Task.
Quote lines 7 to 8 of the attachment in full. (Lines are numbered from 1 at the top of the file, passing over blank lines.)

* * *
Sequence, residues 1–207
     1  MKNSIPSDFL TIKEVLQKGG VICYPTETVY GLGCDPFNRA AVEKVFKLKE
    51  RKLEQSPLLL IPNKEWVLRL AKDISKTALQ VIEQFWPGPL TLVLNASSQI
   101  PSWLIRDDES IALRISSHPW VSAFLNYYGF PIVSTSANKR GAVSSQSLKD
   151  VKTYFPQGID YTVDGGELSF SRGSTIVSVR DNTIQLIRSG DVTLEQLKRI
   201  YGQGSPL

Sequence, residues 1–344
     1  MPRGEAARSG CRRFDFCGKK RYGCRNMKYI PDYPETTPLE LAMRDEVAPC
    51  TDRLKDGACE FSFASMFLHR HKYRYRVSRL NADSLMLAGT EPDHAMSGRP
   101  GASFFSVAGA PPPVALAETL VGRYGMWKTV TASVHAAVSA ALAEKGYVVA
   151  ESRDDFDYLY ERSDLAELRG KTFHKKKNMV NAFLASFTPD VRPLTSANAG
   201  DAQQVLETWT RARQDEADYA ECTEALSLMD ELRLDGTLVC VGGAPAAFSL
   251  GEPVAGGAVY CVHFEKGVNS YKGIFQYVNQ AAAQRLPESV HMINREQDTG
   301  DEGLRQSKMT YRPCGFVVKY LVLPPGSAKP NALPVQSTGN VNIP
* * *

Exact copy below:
Sequence, residues 1–344
     1  MPRGEAARSG CRRFDFCGKK RYGCRNMKYI PDYPETTPLE LAMRDEVAPC